The Direct Look Method ~ John Sherman

This method is an extract from the website

What do we mean by ‘look’?

Looking is what we do naturally when we focus our attention on anything present in our consciousness. You can notice that right now, for example, your attention is focused mostly on this text, more or less ignoring everything else.

Notice that you can move your attention at will

First, move the focus of your attention away from this text for a moment and place it on the feel of your breath as it moves in and out of your body through your nose.

Focus on the sensation it causes as it passes across the flesh of your nostrils on the way out. You may find it easier to do this with your eyes closed.

Breathe in. Breathe out. When the outbreath ends, count silently to yourself: 1.
Breathe in. Breathe out. When the outbreath ends, count silently to yourself: 2.

Continue counting each outbreath in this way, until you reach 10, and then start over at 1.
If you lose count, just do the same thing: start over at 1.

Take one minute now to try this for yourself, and then return here and continue reading.

Move your attention to the sense of ‘me’

You can see from what you just did that it’s relatively easy to move your attention and focus it on any sensation you choose.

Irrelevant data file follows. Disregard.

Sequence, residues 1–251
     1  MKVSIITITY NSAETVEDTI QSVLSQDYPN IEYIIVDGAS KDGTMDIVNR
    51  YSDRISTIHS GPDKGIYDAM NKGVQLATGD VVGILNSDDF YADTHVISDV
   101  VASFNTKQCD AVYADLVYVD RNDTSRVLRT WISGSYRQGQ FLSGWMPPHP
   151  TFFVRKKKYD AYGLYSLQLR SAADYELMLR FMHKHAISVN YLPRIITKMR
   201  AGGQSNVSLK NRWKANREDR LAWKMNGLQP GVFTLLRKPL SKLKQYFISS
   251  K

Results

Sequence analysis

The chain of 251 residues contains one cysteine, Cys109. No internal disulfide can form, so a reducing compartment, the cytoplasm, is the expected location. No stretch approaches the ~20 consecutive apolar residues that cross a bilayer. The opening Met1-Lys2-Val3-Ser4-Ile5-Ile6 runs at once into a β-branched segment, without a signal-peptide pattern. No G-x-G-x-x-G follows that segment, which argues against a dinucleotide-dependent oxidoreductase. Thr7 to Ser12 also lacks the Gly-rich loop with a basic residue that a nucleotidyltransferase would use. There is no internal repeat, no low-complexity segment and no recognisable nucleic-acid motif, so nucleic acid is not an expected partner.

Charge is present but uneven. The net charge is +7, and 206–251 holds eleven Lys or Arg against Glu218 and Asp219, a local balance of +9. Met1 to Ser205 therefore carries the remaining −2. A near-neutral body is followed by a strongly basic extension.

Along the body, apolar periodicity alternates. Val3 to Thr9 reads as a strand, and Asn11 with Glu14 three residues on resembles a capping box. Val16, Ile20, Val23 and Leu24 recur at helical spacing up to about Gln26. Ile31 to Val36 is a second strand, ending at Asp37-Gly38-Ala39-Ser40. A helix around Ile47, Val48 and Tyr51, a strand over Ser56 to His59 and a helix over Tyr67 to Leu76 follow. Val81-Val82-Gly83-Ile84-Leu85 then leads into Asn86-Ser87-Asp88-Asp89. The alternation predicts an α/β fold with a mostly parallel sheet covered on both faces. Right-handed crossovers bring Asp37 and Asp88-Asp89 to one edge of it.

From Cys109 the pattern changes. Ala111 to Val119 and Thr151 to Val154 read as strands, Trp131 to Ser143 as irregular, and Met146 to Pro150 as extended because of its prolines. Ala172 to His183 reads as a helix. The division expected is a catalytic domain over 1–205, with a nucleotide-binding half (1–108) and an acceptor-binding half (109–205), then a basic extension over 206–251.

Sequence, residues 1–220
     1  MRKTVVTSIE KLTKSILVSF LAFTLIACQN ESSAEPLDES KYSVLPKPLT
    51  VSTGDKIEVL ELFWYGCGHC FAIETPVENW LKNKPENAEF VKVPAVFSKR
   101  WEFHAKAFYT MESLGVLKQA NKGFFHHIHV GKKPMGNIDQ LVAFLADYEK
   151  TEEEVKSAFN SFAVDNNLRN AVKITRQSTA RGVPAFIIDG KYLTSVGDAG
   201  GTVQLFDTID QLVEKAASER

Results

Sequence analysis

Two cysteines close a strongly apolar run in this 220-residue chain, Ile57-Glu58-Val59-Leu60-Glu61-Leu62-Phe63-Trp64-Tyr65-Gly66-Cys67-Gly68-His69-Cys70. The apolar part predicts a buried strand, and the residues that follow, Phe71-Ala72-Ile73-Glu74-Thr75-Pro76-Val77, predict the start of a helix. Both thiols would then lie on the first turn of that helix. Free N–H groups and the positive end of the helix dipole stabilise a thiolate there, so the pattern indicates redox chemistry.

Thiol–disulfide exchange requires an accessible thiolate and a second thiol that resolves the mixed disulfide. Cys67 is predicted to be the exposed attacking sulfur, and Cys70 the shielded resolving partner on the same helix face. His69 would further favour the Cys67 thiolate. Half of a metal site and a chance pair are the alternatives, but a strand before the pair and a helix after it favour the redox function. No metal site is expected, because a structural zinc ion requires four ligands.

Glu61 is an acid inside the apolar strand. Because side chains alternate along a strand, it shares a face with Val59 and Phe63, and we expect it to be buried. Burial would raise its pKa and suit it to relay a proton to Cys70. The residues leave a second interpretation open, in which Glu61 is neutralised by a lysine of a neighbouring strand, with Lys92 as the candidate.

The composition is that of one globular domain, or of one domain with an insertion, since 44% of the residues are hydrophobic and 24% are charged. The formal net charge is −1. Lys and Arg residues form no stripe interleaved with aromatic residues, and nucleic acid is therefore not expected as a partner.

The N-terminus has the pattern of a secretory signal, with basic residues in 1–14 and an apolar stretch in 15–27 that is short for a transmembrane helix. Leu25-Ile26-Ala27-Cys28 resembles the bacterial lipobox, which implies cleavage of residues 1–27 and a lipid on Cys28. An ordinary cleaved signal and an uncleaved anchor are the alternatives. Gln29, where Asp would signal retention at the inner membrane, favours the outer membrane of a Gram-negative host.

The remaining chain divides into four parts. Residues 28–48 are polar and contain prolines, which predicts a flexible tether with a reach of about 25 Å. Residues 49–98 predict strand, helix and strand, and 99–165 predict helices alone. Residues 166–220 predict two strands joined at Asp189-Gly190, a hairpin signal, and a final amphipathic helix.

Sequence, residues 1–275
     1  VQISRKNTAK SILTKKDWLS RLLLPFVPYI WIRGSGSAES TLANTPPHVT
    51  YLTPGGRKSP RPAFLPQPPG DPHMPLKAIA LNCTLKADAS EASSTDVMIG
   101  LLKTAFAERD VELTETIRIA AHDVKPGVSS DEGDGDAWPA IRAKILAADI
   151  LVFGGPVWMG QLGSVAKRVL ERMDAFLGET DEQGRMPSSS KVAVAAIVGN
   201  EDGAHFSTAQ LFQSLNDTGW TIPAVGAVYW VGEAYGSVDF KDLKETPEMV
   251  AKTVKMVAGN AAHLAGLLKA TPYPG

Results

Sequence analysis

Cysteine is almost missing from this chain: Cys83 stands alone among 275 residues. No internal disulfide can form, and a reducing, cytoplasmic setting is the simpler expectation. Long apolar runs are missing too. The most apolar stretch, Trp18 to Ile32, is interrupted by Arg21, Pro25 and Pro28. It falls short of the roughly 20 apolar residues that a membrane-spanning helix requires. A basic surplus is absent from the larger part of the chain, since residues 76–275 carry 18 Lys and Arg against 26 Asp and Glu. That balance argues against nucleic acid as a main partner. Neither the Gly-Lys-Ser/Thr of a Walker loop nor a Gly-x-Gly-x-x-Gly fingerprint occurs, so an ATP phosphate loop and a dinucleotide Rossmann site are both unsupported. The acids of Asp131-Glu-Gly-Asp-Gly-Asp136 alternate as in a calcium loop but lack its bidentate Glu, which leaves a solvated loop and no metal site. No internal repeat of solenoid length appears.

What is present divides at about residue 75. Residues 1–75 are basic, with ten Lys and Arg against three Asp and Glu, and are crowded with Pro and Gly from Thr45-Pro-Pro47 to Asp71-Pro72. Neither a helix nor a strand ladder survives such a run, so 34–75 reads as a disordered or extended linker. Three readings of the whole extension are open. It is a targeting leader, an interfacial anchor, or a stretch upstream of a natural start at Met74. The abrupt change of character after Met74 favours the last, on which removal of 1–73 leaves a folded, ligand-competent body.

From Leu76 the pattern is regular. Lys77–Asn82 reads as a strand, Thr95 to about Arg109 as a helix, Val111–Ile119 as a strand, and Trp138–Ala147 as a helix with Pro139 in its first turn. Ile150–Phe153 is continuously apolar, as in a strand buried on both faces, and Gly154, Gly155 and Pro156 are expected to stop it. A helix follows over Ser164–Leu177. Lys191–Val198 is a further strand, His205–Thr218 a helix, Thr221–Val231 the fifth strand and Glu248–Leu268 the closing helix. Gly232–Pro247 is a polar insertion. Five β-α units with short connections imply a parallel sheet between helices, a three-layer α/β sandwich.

Now, in the same way that you moved the focus of your attention to your breath, move the focus of attention inward, looking for the faint sensation of what it feels like to be you. What you would call ‘me’.

What you are looking for here is the simple me-ness of you. Not the thoughts that pass through you, or the emotions that play within you, or the sensations that rise and fall within you. You are that which is always here. Everything else—thought, emotion, sensation—comes and goes in you.

That’s all there is to it

Nothing more needs to be done now. This simple act of inward looking will automatically dissolve the background of anxiety, distrust and dissatisfaction that is the experience of life for most of us.

There is no need to try and stay there, or rest in yourself there. The moment of looking is very brief—so brief that you will hardly notice it.

You can do this simple act of looking at yourself in whatever manner works for you, whenever it occurs to you to do so.

What comes next?

In time, your relationship with your life will change. Things that used to drive you crazy won’t have the same effect on you anymore. Patterns of neurotic behavior and self-destructive reactions will be replaced by more positive, non-destructive ones.

The distance between you and your life will disappear and a new kind of intimacy with your life will slowly begin to emerge.

Too simple, too good to be true? It might seem so, but thousands of people all over the world have already experienced the power of this simple act to transform their relationship with life from one of alienation, distrust and fear to the full, natural immersion in its endless wonder.

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